When we dropped by the United Pacific Industries’ (UPI) Rigs & Rods car show on Saturday, September 23, 2017, it happened to be the same weekend and same day as one of the West Coast’s biggest events, Cruisin’ For A Cure car show. Our first thought was; “Why would you compete with one of the area’s bigger events that is established, and now in it’s 18th year?”
Operations Manager Ruben Mangiaterra set us straight about the car show. “Why not two?”
We asked UPI’s Operations manager, Ruben Mangiaterra, that very question. “We’re not trying to compete with any other car show,” Ruben said. “Why should car enthusiasts have just one option? Why not two? We felt like we could support the local car enthusiasts by offering other choices like having people go to the other show, then stop by here, or visa-versa.”
We have to agree. It is not like real hot rodders are going to get tired of looking at great builds. Why not two shows on the same day? We can’t speak for everyone else, but there has never been a time when we were too bored to look at another hot car. To their credit, UPI served the die-hard car enthusiast better by supporting the Crusin’ For A Cure event with a second show of their own. That is typically what United Pacific is known for, offering another good alternative.
A big part of UPI’s business is the big rig market. These owner/operators care as much for their rigs as hot rod owners care about their street rods.
Even if you are not familiar with the UPI name, there is a good possibility that you have one or more of their parts on your classic car. United Pacific Industries does not sell to the public, but if you buy from Summit Racing, Speedway Motors, LMC Trucks, or a host of other parts distributors and retailers, you have probably seen or bought a part that was manufactured by UPI. If you do know UPI, you are well aware that you probably have a licensed product that exceeds the original standards and specifications.
This show was all about the people and the cars. In true Long Beach style, there was something for everyone.
Rigs & Rods 3rd Annual Car Show
We arrived early, and we could tell immediately that the event was going to be packed with the dyed-in-the-wool, traditional rodders, because the venue was already packed. You have to be pretty early to beat us. Sitting in line to register for the show was one of the famous Balvenie Morgan Plus 8 cars. These cars were built for the Balvenie whiskey company in Ireland, and sent out around the world as ambassadors for the liquor.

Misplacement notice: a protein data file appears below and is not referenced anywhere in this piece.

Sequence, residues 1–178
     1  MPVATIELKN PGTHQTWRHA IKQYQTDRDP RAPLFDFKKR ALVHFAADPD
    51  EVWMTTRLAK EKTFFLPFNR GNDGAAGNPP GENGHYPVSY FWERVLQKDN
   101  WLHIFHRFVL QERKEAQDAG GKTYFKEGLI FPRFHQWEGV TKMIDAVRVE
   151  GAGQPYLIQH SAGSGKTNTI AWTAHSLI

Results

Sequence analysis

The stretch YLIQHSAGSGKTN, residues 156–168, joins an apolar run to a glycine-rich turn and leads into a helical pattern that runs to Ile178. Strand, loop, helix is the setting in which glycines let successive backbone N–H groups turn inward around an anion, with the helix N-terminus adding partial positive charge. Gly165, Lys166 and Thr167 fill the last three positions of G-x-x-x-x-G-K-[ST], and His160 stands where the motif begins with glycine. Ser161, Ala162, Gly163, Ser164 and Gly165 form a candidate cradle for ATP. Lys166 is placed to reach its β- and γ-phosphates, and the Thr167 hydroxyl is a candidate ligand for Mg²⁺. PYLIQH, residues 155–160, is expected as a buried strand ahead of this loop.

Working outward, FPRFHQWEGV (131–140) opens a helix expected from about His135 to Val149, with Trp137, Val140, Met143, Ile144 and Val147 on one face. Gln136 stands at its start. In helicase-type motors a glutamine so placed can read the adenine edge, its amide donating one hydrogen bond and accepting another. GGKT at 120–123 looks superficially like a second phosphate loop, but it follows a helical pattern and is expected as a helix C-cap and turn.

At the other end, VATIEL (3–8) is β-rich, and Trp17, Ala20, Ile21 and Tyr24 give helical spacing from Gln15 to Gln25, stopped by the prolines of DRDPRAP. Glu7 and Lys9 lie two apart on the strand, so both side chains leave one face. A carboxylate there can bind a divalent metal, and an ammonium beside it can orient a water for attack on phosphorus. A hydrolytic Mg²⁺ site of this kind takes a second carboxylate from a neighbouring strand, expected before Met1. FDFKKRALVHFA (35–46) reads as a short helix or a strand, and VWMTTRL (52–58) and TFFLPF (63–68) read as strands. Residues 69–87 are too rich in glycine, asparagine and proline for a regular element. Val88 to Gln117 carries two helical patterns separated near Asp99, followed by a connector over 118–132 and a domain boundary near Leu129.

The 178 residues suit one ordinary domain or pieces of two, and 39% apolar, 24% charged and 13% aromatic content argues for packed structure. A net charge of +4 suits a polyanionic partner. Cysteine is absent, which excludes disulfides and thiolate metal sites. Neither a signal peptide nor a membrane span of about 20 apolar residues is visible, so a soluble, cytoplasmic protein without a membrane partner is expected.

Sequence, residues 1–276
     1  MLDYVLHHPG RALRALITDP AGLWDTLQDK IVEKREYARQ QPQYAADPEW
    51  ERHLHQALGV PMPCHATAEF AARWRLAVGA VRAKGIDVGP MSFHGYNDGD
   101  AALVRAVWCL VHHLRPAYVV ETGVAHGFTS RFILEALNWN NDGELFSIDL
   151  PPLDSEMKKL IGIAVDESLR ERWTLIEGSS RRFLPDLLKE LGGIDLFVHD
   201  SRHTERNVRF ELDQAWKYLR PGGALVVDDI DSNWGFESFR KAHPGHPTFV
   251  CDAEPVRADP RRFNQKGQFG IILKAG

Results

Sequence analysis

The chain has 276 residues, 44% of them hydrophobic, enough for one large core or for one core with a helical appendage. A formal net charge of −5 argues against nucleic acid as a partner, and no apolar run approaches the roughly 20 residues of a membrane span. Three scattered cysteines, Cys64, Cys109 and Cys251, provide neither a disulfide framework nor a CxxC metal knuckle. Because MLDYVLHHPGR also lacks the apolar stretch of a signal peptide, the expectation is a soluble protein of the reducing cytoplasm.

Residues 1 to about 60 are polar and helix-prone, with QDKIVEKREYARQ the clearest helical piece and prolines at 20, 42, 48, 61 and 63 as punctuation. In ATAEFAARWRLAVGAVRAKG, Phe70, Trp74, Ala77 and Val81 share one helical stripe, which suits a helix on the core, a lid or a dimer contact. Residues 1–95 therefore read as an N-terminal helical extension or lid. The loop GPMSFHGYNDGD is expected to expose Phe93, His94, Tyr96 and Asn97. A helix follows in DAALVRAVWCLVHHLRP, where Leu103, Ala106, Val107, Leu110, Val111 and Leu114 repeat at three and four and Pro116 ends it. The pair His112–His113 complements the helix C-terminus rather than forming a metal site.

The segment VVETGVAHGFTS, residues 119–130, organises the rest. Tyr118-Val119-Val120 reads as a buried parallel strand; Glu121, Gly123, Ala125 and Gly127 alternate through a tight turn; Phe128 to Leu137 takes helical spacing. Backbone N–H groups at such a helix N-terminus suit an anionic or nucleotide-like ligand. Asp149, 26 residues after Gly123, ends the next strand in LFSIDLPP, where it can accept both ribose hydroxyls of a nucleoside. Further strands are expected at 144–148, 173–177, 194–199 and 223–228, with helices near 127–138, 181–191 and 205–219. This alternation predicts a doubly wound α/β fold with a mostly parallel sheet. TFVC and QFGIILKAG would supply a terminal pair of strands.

Each one of these cars is manufactured in the United Kingdom with a 3.7-liter V6 engine connected to a five-speed transmission, and ivory paint with a tan interior. We were truly struck by the raw beauty of the car. Sadly, since 2007, Morgans are no longer imported to the U.S. as the company was unable to satisfy the airbag compliance rules. That means this is almost certainly a pre-2007 model Morgan.
Roxanne's Events added some spice to the show. Real vintage car enthusiasts, the crew is a real powerhouse of support for all things Long Beach.
The show was sponsored by Roxanne’s Events, the advertising arm of Roxanne’s Cocktail Lounge and New Latin Grill. To simply say that Roxanne’s is a cocktail lounge is a disservice to the establishment and the crew that helped put on this amazing event. Roxanne’s is uniquely Long Beach, with all the traditions and heritage that goes along with that. Those traditions include catering to the vintage and kustom car culture that helped Long Beach become the hot rod capital of Southern California. Distinctly old world fashion and flavor in today’s bland world, the Roxanne’s crew are definitely vintage car enthusiasts.
Music And More
By design, the bands that hit the main stage were put in order, based on their specific genre of music. Starting with the band Straightshooter with their modern take on popular music through a couple of decades, closely followed by the delightful Sylvia Rodriguez and the Rhythm Boys playing swing and jazz music from the 1940’s/’50s. The veteran band LISTEN hit the stage with some 1960s and 1970s classic rock.